Our Presence in the Manchester Community
Trinity Church existed before the town of Manchester came into being. Its prominence in the community is signified by the fact that the church steeple appears on the town’s logo.
Trinity Church has a long, rich history. In 1760, the Zion Union Church was formed. It consisted of two congregations, German Reformed, and Lutheran. Each group worshiped on alternate Sundays in the “Kirche Hausse.” As new immigrants arrived, the church membership grew, and the two congregations amicably separated in 1862. The Reformed Congregation became the Trinity Reformed Church, now known as the Trinity United Church of Christ.
The present building was begun during the Civil War and completed in June of 1864. Located on the corners of York and Church Streets, the steeple is the highest point in Manchester. The 700-pound bell within the steeple was purchased at a cost of 55 cents a pound. It continues to summon people to worship each Sunday.
Click here for a complete timeline of the Trinity United Church of Christ
Making a Difference in Our Community
Trinity Church has supported a number of ministries and local organizations over the years which have benefited our immediate community including NESAP (Northeast Social Action Program), Manchester’s National Night Out, and Food bags for Backpacks which provides food on a monthly basis for Manchester Elementary School students who could use a little extra help. Our congregation partnered with the town and Manchester Elementary School to install the first Little Free Library in Manchester. We are about to expand our presence in the community through a focus on improving literacy as the result of a grant award jointly to the church and the elementary school.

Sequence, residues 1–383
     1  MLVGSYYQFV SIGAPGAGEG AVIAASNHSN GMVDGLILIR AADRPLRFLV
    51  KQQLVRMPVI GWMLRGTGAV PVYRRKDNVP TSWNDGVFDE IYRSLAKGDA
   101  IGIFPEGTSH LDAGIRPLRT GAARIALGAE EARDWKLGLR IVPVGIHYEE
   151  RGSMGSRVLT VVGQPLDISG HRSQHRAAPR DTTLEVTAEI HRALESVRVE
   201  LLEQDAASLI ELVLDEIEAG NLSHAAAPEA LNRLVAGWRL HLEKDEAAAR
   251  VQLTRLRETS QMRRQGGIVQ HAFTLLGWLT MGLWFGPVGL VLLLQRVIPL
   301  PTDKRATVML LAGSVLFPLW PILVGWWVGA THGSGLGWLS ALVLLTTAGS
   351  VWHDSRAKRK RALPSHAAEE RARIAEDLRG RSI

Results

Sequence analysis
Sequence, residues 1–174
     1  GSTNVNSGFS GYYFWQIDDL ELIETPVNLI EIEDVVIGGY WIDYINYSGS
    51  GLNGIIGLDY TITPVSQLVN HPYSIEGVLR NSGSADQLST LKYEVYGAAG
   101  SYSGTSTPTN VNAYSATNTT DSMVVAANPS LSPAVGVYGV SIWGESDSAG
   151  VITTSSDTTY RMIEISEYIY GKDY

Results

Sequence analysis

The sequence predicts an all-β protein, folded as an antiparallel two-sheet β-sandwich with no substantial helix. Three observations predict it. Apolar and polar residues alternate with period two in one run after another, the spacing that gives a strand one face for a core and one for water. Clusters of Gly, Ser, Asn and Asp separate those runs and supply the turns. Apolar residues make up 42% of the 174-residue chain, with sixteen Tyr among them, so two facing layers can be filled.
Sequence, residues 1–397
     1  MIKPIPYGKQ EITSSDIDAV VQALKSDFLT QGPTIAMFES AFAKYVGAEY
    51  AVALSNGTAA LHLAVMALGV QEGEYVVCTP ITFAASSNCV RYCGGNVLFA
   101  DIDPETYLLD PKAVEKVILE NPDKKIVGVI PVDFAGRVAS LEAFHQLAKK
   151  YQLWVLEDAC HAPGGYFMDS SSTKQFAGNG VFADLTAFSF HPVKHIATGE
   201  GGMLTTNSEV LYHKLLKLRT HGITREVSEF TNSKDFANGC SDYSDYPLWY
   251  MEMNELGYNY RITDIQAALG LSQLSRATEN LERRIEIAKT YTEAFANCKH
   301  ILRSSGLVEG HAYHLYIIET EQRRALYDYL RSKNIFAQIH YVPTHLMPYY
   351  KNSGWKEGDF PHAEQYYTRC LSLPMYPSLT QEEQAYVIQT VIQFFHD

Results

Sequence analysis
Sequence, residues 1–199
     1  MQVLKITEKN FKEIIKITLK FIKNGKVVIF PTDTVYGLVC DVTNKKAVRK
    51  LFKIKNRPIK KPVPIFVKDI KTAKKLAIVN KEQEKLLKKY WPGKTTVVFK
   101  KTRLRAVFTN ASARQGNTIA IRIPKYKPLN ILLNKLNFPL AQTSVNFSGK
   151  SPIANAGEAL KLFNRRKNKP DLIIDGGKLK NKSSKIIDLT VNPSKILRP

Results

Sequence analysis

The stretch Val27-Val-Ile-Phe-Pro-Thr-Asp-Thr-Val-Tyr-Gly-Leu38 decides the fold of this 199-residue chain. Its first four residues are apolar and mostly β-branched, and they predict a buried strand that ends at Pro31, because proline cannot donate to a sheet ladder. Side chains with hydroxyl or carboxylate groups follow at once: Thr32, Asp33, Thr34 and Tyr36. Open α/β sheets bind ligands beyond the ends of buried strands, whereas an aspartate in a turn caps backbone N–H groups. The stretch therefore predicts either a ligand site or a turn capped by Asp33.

To learn more about our involvement in the community, see Outreach and Services.
Trinity United Church of Christ Cemetery
Although the land where our cemetery is located appears to be one large cemetery, it is composed of several cemeteries lying adjacent to one another and it is hard to determine where each cemetery starts and ends. The old Reformed cemetery extends somewhat north of the old oak tree to the sidewalks of York St. Slight pathways show delineations of sections. Section E, closest to York St., has approximately 575 inscriptions, and Section D lying opposite the church approximately 700 inscriptions.
Carroll County Cemeteries Volume Four: Northeast; compiled by Carroll County Genealogical Society, Westminster, Maryland copyright 1995, page 46
Two Centuries of Grace and Growth In Manchester 1760-1960 (third Edition, copyright 1984) by Harvey G. Schlichter, page 206